Main Article Content

Spontaneous rupture of hepatocellular carcinoma in children

A Nejmeddine
A Bassem
B Salah
BM Issam


Spontaneous rupture of hepatocellular carcinoma (HCC) with intraperitoneal haemorrhage is a lifethreatening complication with a high mortality rate. The mechanism of spontaneous rupture of HCC is unknown.
It may be related to venous congestion, haemorrhage, central necrosis, or trauma. Patients with ruptured tumours confirmed on computerised tomography (CT) scan underwent immediate cardiovascular resuscitation.
Depending on the stage of the tumour as seen on the CT scan and the condition of the patient, stoppage of bleeding was accomplished by transcutaneous hepatic artery embolisation, selective hepatic artery ligation, or hepatic resection. Only clinically stable, small tumours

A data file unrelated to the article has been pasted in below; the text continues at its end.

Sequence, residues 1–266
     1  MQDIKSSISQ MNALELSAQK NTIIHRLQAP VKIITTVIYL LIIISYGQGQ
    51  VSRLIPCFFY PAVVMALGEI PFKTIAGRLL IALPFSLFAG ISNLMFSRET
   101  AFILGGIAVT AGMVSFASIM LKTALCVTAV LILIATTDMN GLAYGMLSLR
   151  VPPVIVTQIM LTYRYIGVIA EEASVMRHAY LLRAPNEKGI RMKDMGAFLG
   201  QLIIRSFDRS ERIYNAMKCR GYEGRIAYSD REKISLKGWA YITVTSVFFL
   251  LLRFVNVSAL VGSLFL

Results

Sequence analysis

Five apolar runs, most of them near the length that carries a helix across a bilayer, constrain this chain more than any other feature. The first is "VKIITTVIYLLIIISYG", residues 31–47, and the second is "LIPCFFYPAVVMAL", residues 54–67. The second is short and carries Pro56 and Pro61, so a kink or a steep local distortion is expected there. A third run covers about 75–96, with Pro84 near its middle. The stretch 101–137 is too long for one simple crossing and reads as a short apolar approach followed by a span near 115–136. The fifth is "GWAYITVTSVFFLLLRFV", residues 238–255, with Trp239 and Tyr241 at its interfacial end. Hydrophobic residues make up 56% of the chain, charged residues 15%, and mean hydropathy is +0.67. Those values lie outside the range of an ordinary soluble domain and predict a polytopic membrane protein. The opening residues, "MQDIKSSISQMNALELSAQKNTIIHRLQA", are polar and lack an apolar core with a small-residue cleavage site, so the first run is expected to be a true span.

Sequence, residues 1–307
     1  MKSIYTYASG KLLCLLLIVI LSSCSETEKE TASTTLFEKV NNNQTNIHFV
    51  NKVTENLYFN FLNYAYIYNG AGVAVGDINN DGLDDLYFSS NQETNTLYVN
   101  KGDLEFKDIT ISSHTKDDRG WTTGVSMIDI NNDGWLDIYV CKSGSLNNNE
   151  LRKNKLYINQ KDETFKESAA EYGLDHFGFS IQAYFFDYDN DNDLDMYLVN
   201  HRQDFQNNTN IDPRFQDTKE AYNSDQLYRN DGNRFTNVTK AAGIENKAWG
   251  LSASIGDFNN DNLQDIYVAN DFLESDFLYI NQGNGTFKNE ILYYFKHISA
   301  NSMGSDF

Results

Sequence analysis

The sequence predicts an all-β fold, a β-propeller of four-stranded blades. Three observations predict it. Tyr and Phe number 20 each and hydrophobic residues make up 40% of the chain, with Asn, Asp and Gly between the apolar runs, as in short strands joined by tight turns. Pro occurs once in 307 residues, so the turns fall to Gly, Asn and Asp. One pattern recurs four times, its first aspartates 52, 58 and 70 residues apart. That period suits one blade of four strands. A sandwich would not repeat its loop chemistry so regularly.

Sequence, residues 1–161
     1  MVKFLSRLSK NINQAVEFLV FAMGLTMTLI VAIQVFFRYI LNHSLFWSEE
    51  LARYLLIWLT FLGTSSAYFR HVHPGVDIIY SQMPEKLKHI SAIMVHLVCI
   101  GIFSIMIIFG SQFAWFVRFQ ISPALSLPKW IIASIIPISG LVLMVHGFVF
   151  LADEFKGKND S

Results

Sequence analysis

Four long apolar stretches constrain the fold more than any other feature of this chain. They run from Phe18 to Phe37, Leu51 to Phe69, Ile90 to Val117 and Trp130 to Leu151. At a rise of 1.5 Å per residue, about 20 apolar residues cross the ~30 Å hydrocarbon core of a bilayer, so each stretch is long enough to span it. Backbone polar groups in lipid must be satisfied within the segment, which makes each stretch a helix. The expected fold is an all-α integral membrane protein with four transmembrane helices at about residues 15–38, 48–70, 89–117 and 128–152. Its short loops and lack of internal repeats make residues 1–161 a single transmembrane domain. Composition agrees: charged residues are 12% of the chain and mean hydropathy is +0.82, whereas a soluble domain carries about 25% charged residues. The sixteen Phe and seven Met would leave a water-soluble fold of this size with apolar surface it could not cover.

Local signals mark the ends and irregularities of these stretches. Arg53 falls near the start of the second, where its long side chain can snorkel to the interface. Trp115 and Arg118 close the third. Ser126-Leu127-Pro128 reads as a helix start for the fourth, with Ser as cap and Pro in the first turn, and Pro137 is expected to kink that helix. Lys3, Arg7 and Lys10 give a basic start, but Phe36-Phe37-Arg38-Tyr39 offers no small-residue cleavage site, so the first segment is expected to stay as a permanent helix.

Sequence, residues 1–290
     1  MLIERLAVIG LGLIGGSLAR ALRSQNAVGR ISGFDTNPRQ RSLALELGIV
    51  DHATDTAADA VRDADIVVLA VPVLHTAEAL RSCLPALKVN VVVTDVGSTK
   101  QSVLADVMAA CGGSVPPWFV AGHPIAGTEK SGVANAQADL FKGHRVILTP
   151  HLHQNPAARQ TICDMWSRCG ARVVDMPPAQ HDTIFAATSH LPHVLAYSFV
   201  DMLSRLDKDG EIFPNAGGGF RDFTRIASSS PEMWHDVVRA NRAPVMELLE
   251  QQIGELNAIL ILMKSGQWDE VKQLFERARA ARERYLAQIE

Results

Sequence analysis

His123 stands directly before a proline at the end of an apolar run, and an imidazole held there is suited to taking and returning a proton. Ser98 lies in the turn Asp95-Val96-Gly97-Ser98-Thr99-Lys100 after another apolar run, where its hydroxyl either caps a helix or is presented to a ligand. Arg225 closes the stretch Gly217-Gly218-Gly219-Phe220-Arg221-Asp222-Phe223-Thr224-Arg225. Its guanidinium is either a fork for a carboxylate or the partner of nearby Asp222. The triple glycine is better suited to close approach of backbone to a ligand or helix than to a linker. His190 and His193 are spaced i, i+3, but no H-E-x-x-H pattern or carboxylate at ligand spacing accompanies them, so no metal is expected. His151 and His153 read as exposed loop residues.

were resected as an emergency procedure. We report the case of a 12-year-old child admitted with acute right upper quadrant abdominal pain and signs of hypovolaemia. Ultrasonography revealed free peritoneal
fluid and left liver haematoma was suspected. CT scan showed a tumour on the left side of the liver and free peritoneal fluid. Emergency laparotomy revealed haemoperitoneum and a 5-cm diameter left liver tumour which was ulcerated and haemorrhagic. The tumour was completely resected. Histopathological examination confirmed a diagnosis of rupture of differentiated HCC.